Would Your Building Pass An Energy Efficiency Background Check?

By: Jian Huo, 2011 Climate Corps Public Sector Fellow in Mecklenburg County, NC; MEM candidate at the Nicholas School of the Environment, Duke University

This summer, my EDF partner, Adam Hart, and I are running energy efficiency “background checks” on buildings at Mecklenburg County Real Estate Services in North Carolina. Of the county’s 100 facilities, we identified 15 energy-intensive sites and arranged site tours of them for a closer look. In our energy assessments of the facilities, the red flags for energy waste were older machines with low energy efficiency, lighting, and HVAC systems.

Lighting – Metal Halides in Gyms and Pools

The county’s indoor gyms and pools are equipped with over 300 metal halides that are 400W and 1000W, which run more than 50 hours per week. Due to their long re-strike time, daylight sensors and occupancy sensors cannot be used to help save energy. However, switching to lower wattage LED lights can cut current energy use by 85% and allow for the installation of daylight sensors and occupancy sensors for further energy reduction. Changing lights in the high ceilings will

be a great challenge, especially in the pool areas. Although it seems time consuming and risky to change lighting above water, maintenance can put scissor lifts on the movable walkways to get to the metal halides and replace them.

HVAC – Heat Pumps Without Controls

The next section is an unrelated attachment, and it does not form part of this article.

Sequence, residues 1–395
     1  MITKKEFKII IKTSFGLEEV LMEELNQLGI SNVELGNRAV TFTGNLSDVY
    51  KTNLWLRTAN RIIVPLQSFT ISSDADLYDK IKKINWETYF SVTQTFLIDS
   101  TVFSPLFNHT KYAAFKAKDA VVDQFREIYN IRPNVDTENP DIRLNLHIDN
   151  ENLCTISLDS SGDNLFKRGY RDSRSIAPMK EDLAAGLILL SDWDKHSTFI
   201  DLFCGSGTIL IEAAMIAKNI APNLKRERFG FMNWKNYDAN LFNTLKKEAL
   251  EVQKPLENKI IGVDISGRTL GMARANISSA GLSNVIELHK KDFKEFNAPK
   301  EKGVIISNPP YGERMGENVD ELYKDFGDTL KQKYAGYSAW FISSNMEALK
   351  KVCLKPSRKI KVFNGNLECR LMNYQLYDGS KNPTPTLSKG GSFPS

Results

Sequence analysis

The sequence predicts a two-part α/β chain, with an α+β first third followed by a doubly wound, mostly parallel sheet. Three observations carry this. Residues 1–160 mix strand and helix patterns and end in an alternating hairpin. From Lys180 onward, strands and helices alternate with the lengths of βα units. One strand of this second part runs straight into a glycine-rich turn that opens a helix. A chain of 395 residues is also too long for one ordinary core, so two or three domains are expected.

HVAC is the most complicated and intimidating part of the whole building system to a Climate Corps Public Sector fellow with little background in engineering. Even after Adam and I did background checks on all the sites, we had no direct solution for upgrading those giant and inefficient machines. So Adam and I started to conduct interviews with HVAC experts and facility managers, acquiring valuable information along the way. With newfound information, we tackled the County and Courts Office Building, which has heat pumps that are not connected to the central control system, but instead controlled with individual thermostats. Because the heat pumps may not work stably under high temperatures, the air conditioning controls are never set back when the facility is vacant. Energy savings will be easily achieved if the heat pumps are looped into the control system, allowing for the set back of air conditioning and heating controls during unoccupied hours.

Overall, our recommended changes to lighting and HVAC systems at facilities in Mecklenburg County Real Estate Services have great potential to cut energy usage and reduce greenhouse gas pollution. By doing background research of the buildings’ systems, touring sites, and talking to the right people, Adam and I were able to tackle the red flags of energy waste at the county’s facilities. After the retrofits are made, all of their buildings will pass our “background check.” Would yours?

EDF Climate Corps Public Sector (CCPS) trains graduate students to identify energy efficiency savings in colleges, universities, local governments and houses of worship. The program focuses on partnerships with minority serving institutions and diverse communities. Apply as a CCPS fellow, read our blog posts and follow us on Twitter to get regular updates about this program.

This entry was posted in EDF Climate Corps and tagged . Bookmark the permalink. Both comments and trackbacks are currently closed.


  1. kang
    Posted August 4, 2011 at 3:21 am | Permalink

    sf, up
    “tiao”, got what you are doing now

  2. Posted August 8, 2011 at 1:58 pm | Permalink

    One thing to consider is replacing the metal Halide lights with T5HO fixtures. They tend to have a higher efficacy and can be controlled by occupancy sensor at a much lower price than LED. LEDs make more sense above the pool due to the difficulty in relamping.